Nation & World

‘What Just Happened? What’s Next?’

5 min read

An interdisciplinary examination of the current economic crisis

You might think of the little bits of good news that came out last week as the macroeconomic equivalent of the first crocuses of spring. There was the heartening word that initial jobless claims are slowing. The stock market continues its modest rebound. And some analysts are cautiously suggesting that there might be economic growth again before 2009 is out.

But over at Two Arrow Street, participants in a daylong conference offered April 15 by the Weatherhead Center’s Project on Justice, Welfare, and Economics were looking at the economy through a much longer lens. The conference was called “What Just Happened? What’s Next?” and its subtitle was “An Interdisciplinary Examination of Our Current Economic Crisis.”

In a presentation titled “The Crisis as an Opportunity for Structural Change,” Thomas Pogge, Ph.D. ’83, of Yale University set forth his proposal for what he calls a Health Impact Fund (HIF). It’s meant to do nothing less than revolutionize the way medicines are provided to the global poor.

The fund, he explained, would reconfigure financial incentives for drugmakers. The current system rewards them for selling lifetime “maintenance” drugs to rich Westerners, rather than curative or even preventive medications to fight the diseases of the developing world. But Pogge’s fund “promises to reward … any new medicine on the basis of its global health impact.”

Under Pogge’s proposal, worked out with University of Calgary economist Aidan Hollis, affluent nations would chip in a share of their gross national income to support the fund. He suggested that a 0.01 percent contribution would yield about $6 billion a year, which should be a large enough pool to start the program. Each year’s pool would be divided up among the manufacturers whose drugs were listed at any given time. He foresees about 20 drugs on the list at a time.

“It’s registered and you get health impact rewards,” Pogge said. “You don’t give up any intellectual property rights.” A pharmaceutical manufacturer would, however, give up the right to a profit on the sales price. Under the Pogge/Hollis proposal, “the registrant must agree to make the new medicine available wherever it is needed at the lowest feasible cost of manufacture.”

The reward is for contributing to public health, not for selling pills, in other words. “Perverse incentives” is a phrase on the lips of many analysts of the current financial crisis: Too many actors have been rewarded for taking risks but not punished for poor performance.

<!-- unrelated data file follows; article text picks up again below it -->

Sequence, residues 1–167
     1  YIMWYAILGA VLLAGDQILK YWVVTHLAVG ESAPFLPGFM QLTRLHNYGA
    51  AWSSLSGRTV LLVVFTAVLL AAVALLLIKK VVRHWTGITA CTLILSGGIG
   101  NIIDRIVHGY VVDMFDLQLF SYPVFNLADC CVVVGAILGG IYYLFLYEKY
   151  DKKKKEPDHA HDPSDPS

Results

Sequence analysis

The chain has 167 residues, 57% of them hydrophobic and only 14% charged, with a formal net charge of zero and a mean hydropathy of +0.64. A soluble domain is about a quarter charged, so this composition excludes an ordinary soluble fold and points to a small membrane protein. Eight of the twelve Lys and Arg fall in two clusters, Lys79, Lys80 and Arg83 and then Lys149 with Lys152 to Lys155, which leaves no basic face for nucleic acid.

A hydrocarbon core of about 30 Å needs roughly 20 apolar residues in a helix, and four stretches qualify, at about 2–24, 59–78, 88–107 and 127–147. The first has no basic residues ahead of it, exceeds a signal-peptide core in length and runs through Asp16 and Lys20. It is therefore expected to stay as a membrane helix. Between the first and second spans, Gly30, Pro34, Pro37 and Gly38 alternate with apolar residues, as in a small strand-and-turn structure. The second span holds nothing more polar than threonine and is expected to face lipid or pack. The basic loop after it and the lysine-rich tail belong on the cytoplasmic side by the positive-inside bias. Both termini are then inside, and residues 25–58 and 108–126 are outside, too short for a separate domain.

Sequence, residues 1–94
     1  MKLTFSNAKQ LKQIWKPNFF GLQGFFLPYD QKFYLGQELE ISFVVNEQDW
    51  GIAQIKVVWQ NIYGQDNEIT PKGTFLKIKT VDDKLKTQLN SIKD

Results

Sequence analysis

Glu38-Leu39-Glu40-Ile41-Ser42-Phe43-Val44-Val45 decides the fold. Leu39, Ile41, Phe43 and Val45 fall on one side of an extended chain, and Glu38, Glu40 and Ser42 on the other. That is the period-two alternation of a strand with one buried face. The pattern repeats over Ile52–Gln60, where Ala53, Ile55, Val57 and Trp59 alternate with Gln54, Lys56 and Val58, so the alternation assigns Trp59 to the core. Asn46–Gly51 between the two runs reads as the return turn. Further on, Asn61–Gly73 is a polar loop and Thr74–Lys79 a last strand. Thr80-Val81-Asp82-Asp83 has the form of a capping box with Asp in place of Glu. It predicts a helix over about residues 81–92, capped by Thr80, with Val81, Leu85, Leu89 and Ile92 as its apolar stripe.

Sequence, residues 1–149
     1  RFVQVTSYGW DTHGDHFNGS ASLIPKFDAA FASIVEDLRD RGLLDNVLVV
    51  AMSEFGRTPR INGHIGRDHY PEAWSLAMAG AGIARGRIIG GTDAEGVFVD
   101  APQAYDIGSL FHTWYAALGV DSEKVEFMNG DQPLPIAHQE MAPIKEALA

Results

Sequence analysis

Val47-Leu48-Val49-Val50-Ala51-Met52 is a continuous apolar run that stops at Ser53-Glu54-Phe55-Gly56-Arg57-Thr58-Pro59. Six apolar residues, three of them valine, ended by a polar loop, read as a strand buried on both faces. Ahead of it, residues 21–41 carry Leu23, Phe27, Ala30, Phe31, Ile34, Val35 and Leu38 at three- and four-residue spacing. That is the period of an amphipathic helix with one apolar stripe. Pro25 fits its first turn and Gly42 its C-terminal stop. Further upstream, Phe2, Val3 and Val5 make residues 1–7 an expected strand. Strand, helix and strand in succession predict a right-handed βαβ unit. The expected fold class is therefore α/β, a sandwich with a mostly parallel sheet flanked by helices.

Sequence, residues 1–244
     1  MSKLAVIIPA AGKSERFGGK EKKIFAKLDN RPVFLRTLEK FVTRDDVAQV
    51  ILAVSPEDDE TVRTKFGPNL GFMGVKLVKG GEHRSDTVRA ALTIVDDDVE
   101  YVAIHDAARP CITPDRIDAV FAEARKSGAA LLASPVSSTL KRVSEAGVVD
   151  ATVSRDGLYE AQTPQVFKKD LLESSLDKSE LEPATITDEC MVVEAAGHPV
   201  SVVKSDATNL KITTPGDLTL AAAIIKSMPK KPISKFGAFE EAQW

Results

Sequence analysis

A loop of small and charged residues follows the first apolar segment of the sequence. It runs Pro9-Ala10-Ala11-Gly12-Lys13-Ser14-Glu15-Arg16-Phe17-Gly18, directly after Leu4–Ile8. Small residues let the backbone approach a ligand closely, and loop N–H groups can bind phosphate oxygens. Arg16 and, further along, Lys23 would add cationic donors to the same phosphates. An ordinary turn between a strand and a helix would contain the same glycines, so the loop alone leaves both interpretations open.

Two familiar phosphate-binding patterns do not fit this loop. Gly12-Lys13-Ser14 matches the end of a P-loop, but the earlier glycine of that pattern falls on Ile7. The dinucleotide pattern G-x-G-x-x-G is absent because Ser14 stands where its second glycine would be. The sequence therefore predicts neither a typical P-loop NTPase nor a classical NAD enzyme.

But Pogge made the case that the current system of compensating drugmakers has its own perversities as well. He explained that under the current system of international commerce, a country joining the World Trade Organization must sign on to a package of accords including the so-called Trips Agreement, which covers trade-related aspects of intellectual property rights.

This agreement obliges signatories to grant 20-year product patents for, among other things, drugs. This locks countries into the high-markup business model for medicine, and that, in turn makes it hard if not impossible to make drugs available at low cost.

The current system provides incentives for counterfeiting, Pogge said. In the pharmaceutical world, this means making knockoffs with just enough of the active ingredient to pass for the real thing but not enough to be medically effective. Instead, these underpowered fakes help create drug-resistant strains of diseases.

And by making it profitable for drugmakers to serve the poor, the Health Impact Fund would also protect against diseases such as Severe Acute Respiratory Syndrome (SARS) that fester largely untreated in the developing world for years and then burst suddenly onto the scene in the developed world. SARS apparently originated in China and spread to 37 countries, infecting thousands and killing nearly 800 during a near pandemic from November 2002 and July 2003. It could have been much worse, Pogge suggested. “We were lucky with SARS,” he said.

One challenge to the Health Impact Fund concept was raised in a question from the floor posed by Norman Daniels, Mary B. Saltonstall Professor of Population Ethics and Professor of Ethics and Population Health at the Harvard School of Public Health, who told Pogge, “A presupposition of your scheme is that we know how to measure the contribution of a specific drug. I’m not sure we do.” He went on to say that many drugs are delivered in systems, which themselves make a contribution to patient health.

Nonetheless, Pogge ticked off the advantage of the Health Impact Fund as a “focal point of structural reform”:

It isn’t driven only by concern for the poor — it helps benefit the pharmaceutical industry, too.

It’s scalable: The fund could be increased or adjusted in light of experience. And manufacturers could decide to transfer some drugs from the patent track to the fund track depending on whom they benefit.

The fund “strengthens those with objective interest in reform” and thus leads to “the empowerment of global poor.”

It is an exemplar of realistic moral leadership, genuine moralization, and global public good.

It would lead, he suggested, to “a reduction in global public evil.”